Due to my transient, military-brat upbringing, I spent many of my formative years in small, remote towns. We didn’t have TV, shopping malls, McDonalds, or movie theatres – in other words, many of the things young people like to do to “kill time”. I think my lack of big-city luxuries served me well, because it forced me to find other things to occupy my time. I read voraciously. I got into music. I went outside right after breakfast and came back in when the streetlights came on at night.
I didn’t “kill time”. I used the time when I wasn’t focused on school to do, explore, invent, create, imagine and play. In my house, we weren’t allowed to be bored, and we weren’t allowed to spend hours on end in front of the TV (we only had one channel anyway, so there wasn’t much point).
So I guess it stands to reason, that as a grownup, I have a tremendous dislike for the words “killing time”. Yet, there are so many ways we find to do just that.
Our lives are full of distractions, the stuff that drags us away from the real work and the real life experiences. Our television screens are full of sensationalist news stories and obnoxious reality TV. Our computer screens are full of social networks and cat videos. It’s like a bad sitcom. You want to stop watching but you can’t tear yourself away, for fear you might miss something horrible.
When I put it that way, it sounds a little sick, eh? But we’ve all been there, and we’ve all done it. We’ve all simply “killed time”. And the problem with killing time is, we end up with absolutely nothing to show for it at the end.
Not enough hours.
We have no time, yet we kill so much of it. Think about the past couple of days. Make a list (mental is fine, but it’s really more effective if you write it out) of the things you did to kill time during those days – how much you slept and napped, how much TV you watched, how much fluff you read, and how much mindless internet surfing you did, how much Angry Birds you played. Consider anything that was unproductive and didn’t achieve anything. Now, add up those hours. If you’re like me when I slip into “killing time” mode, you probably end up with between 1 and 4 hours a day of “killed time”.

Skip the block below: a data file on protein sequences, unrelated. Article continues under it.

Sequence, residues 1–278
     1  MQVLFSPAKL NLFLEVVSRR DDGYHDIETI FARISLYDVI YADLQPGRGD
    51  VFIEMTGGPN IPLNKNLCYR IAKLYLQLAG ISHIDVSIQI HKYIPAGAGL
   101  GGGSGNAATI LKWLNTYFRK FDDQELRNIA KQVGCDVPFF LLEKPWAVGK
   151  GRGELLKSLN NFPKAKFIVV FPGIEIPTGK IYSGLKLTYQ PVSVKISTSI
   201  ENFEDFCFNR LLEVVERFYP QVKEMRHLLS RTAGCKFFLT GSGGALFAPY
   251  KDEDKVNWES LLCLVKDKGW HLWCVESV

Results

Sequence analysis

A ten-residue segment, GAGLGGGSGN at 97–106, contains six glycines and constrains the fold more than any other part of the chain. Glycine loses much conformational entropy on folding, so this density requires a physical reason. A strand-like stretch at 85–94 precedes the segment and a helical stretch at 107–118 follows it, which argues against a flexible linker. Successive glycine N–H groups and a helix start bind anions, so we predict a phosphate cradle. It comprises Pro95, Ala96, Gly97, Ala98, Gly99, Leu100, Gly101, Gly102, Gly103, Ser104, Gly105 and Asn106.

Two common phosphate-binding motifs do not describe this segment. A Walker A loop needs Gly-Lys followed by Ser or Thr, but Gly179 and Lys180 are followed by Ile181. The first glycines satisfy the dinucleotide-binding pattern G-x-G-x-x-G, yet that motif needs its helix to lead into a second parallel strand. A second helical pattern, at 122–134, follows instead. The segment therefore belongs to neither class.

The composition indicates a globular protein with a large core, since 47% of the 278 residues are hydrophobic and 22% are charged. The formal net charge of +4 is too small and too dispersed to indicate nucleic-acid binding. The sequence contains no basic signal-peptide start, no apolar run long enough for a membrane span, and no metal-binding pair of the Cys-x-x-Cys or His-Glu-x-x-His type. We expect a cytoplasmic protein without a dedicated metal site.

1 to 4 hours a day. Seems like we could get some serious stuff done with that time, eh? So much for not having enough hours. Put down the remote. The next season of Breaking Bad can wait.
What to do with all those hours.
Here’s an incomplete list of things you can do with all that killed time you just recouped. Feel free to add your own ideas in the comments:
- Write a few blog posts (hint: getting started is the hardest part).
- Go for a photo walk (you don’t need a fancy camera, just good shoes).
- Pick up that dusty old guitar/banjo/piano/fiddle.
- Find a recipe on Epicurious.com that’s higher than your skill level. Don’t be afraid to mess it up. Surprise yourself with the results.
- Start reading that pile of books on your nightstand.
- Delete all the mindless games and time-killing apps from your mobile devices.
- Watch some TED Talks.
- Teach a child how to ride a bike, or bring them with you on your photo walk (give them their own camera).
- Call a friend you haven’t talked to in at least 3 months.
- Call your mother/father/brother/sister/aunt/grandma/any loved one just to say “hello”, not because you need anything.
- Walk the dog for an extra hour (trust me, he will love it).
- Come up with 3 new ways to improve your business.
- Learn about something new (like sewing, videography, animal husbandry – you can literally learn how to do anything on Google).
- Join a community choir, even if you don’t think you’re a great singer. Trust me, you’ll improve. Singing makes your heart grow bigger.
That should give you a start. Pick a few things from this list and jot them down somewhere. Then, in the next week, whenever you find yourself slipping into “killing time” mode, grab one of the things off the list and do that instead. Report back on the results, ok?
I promise you’ll be more energized, rested, inspired, and happy.[photo by kidicarus222]